Five questions we still have for “Fantasia”
One of my favorite attractions at the Magic Kingdom in Walt Disney World is Mickey’s PhilharMagic – and surprisingly, only about 20% of that reason is because it offers a respite from the disgusting Florida heat and humidity. But alas, if all I wanted to do was escape into an air-conditioned heaven, I could do that in The Hall of Presidents and wait in zero line.
No, PhilharMagic is great because it’s a big nod to “The Sorcerer’s Apprentice,” the most widely recognized segment of the 1940 Disney classic Fantasia. As a kid, I was never hugely into this movie because it was kind of the first Walt Disney Animation Studios film for grown-ups, complete with adult themes (birth/life, death, temptation, etc.) and stunning classical music –which wasn’t my thing at the time, when I was more into Sesame Street than Tchaikovsky.
But now, even though I appreciate Fantasia so much, I still have a few unanswered inquiries. Here are the top five.
Who was “The Sorcerer”?
So Mickey was some magic guy’s apprentice, who stole his hat (though, to be fair, he shouldn’t have left it unattended in the first place) and wreaked havoc. We know a few things about this wizard who is OK leaving his valuables lying around: His name is Yen Sid (“Disney” backwards!), he was based on Walt Disney himself, and he has appeared in some Disney-related media since Fantasia, like in the House of Mouse TV show and Kingdom Hearts video games.
But what is his deal? Is he descended from anyone cool, like Merlin? Where did he find this magic hat, and is the hat the only source of his magic? Does he have any magical family members, or ties to other Disney character(s)? How did he meet Mickey, and what did he see in a squeaky-voiced mouse that made him say, “Hm, this guy would make a good sorcerer”?
Where do wildlife take dance classes? (And can we go, too?)
One of the best parts of Fantasia is near the end, when hippos, elephants, ostriches, and other animals dance around to “Dance of the Hours” by Amilcare Ponchielli while wearing tutus and whatnot – especially when the hippo and alligator perform a sexually charged pas de deux.
But it does make me wonder how much more amazing life would if animals dance studios were a thing. I mean, you can train animals to do lots of things, so why not ballet? WHY NOT? Also, at first, the alligators want to kill the hippos, because that’s what alligators do. But suddenly, ballet makes them rethink their natural instincts. I don’t know what my question here is, really, but at the very least I do know that I just need some more background information right now.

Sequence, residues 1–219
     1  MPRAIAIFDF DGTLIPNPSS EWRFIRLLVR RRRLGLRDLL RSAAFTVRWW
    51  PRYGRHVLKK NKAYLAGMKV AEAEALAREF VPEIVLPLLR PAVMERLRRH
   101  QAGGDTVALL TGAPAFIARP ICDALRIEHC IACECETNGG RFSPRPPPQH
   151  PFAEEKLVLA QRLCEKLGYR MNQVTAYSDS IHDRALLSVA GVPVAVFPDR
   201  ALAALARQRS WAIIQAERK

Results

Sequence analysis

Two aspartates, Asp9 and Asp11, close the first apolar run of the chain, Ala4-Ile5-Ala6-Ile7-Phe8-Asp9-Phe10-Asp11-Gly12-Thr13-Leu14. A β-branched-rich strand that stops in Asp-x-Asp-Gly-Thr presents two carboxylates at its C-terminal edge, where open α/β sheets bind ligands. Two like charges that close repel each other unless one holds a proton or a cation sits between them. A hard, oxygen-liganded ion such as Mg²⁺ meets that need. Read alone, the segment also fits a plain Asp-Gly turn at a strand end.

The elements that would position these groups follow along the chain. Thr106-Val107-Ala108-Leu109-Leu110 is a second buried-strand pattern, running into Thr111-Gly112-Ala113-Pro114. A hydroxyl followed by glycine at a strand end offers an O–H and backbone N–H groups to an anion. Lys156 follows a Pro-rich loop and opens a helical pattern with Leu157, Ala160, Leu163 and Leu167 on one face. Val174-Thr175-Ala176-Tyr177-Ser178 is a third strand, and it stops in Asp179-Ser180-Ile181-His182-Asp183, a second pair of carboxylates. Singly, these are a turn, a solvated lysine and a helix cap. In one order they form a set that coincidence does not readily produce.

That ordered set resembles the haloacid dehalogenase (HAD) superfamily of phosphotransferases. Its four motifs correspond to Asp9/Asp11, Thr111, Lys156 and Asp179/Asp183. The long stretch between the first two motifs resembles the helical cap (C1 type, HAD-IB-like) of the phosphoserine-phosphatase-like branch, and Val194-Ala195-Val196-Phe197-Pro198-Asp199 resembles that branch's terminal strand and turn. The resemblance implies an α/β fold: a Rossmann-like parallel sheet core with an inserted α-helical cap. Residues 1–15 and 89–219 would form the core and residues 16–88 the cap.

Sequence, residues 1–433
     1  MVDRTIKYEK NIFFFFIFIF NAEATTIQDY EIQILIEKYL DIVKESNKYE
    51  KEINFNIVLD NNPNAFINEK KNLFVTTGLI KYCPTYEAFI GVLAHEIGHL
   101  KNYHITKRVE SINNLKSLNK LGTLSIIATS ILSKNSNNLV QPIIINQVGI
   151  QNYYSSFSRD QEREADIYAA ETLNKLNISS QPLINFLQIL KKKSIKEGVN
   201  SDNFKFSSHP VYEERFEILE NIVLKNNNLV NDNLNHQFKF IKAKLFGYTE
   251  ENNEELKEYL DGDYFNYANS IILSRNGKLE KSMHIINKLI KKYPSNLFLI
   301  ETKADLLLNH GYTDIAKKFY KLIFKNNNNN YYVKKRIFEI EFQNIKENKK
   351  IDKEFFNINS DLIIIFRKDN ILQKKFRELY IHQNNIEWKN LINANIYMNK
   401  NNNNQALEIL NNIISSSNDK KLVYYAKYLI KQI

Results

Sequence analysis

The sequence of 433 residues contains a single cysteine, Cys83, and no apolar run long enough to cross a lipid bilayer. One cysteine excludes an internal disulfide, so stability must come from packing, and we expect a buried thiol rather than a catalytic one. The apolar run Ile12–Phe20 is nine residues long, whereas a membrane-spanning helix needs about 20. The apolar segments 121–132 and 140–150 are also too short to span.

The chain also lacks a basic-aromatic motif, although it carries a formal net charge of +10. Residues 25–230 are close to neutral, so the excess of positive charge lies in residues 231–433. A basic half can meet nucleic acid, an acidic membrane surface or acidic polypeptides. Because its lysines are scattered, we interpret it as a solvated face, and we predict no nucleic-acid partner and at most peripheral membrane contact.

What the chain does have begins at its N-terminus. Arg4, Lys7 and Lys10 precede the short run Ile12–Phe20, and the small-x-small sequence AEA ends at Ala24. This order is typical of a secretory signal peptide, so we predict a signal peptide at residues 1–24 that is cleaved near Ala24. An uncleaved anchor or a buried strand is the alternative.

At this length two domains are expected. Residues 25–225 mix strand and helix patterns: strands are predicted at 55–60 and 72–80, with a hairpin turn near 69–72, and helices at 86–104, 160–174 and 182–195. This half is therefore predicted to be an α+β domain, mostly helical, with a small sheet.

Why was everyone so bored?
As Demos Euclid so amusingly points out in his blog Hilarity by Default, there’s a pretty decent amount of yawning in this movie. Like, a lot.
I know that classical music doesn’t scream “PARTY TIME!”, but let’s be real: As a kid, we were already nodding off a little while watching Fantasia because it didn’t really have a linear story. Like I said earlier, I appreciate it way more now, but still. Did the animators put this constant yawning in for a reason? It seems to happen way too frequently to be an accident. I’m hoping it was a way to poke fun at themselves for releasing something that was perhaps not as kid-friendly as its predecessors, but either way, it’s a question that remains for the experts.
Why did Stokowski conduct “Fantasia” for free?
According to Disney lore, Leopold Stokowski – conductor of the Philadelphia Orchestra, who provided the music for Fantasia – agreed to conduct the music for the movie for free. It seems like he did it out of the goodness of his heart and because he believed in the movie, but I don’t know about all that. I’m personally tapping my fingertips together and letting my mind wander into the depths of thinking maybe Disney had some dirt over ol’ Stokowski. Why else would such a highly lauded conductor offer his services for free – especially for a project that no one really had any idea about how it would do, considering Fantasia was still fairly early in Disney Animation Studios history and was so different from anything Disney had done so far? HMMM.
Did Alfred Hitchcock have any influence over this movie?
So we know Disney movies have mellowed out a lot over the years in terms of including scary scenes and such. But 1940 was also the year one of Alfred Hitchcock’s most well-known films, Rebecca, premiered. And considering some of the sequences in Fantasia, it got me thinking about whether Disney was influenced at all by this guy. Like…I know brooms are inanimate objects, but in this movie, they can walk around and they have arms and this is just terrifying.
Also, way to make Night on Bald Mountain the last sequence, guys. As if kids watching weren’t already going to have enough nightmares from the broom-murdering scene.
(All images courtesy Disney)